PI: Megan Herting
Institution: University of Southern California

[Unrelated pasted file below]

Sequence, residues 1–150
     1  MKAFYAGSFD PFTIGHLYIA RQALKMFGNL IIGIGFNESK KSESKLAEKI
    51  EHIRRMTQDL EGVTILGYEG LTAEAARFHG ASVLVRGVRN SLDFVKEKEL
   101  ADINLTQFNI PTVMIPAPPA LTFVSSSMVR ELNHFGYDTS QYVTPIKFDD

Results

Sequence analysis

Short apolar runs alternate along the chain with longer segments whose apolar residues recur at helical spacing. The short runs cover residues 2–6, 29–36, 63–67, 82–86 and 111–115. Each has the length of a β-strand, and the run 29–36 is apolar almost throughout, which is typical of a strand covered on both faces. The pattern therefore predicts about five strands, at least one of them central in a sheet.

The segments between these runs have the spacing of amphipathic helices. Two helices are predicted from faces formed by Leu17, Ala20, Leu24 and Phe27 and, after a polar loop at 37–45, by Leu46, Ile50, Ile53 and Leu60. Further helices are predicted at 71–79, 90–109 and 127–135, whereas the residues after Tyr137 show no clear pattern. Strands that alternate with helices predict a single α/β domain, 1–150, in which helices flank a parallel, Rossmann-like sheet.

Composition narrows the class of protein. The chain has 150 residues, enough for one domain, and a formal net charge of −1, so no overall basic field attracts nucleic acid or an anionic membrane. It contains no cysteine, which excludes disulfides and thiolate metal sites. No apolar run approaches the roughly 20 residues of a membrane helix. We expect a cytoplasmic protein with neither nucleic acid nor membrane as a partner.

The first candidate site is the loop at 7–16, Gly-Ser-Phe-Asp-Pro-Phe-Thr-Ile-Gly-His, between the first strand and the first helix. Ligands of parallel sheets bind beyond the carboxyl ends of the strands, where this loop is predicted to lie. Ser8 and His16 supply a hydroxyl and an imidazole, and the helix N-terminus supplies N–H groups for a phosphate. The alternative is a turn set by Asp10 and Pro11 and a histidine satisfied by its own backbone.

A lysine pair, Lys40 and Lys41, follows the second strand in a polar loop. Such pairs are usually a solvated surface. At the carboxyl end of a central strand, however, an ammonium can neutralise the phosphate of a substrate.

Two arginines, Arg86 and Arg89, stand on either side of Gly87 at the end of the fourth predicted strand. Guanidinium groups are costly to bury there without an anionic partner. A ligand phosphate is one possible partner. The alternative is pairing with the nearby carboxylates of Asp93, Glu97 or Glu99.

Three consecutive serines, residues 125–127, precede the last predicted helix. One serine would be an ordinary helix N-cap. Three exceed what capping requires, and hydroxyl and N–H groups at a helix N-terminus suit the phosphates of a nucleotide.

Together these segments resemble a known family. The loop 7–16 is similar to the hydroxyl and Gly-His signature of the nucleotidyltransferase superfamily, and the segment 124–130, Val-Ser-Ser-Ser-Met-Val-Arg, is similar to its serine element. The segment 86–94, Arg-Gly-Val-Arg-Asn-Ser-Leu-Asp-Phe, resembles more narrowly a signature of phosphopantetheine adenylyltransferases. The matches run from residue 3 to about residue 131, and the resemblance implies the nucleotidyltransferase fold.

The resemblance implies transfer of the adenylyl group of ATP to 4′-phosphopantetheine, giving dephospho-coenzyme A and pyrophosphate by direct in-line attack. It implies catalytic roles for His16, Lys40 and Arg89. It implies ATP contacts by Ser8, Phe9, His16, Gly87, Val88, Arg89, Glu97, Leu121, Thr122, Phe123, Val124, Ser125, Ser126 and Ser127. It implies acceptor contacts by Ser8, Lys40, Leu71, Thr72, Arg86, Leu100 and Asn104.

Outdoor air pollution, including fine particulate matter (PM2.5; and its constituents) and nitrogen dioxide (NO2), is ubiquitous in urban areas and is a neurotoxicant. Emerging toxicological and epidemiological evidence suggests that air pollution may contribute to increases in emotional-behavioral problems and is linked to various mental health disorders in children, adolescents, and adults. For the purpose of this NIEHS-funded project, we will examine how ambient air pollution relates to structural and functional corticolimbic circuitry in the multi-ethnic and geographically diverse cohort of 9- to 10-year-old children (N=11,873) enrolled in the nationwide longitudinal Adolescent Brain Cognitive Development (ABCD) study. In this collaborative project, Dr. Herting will apply novel subcortical segmentation methods from the CIT168 atlas to construct a more accurate characterization of how air pollution may impact subcortical development across adolescence. Novel segmentations will be shared with the scientific community as they will likely prove valuable for mapping amygdala development and its changes in health in disease.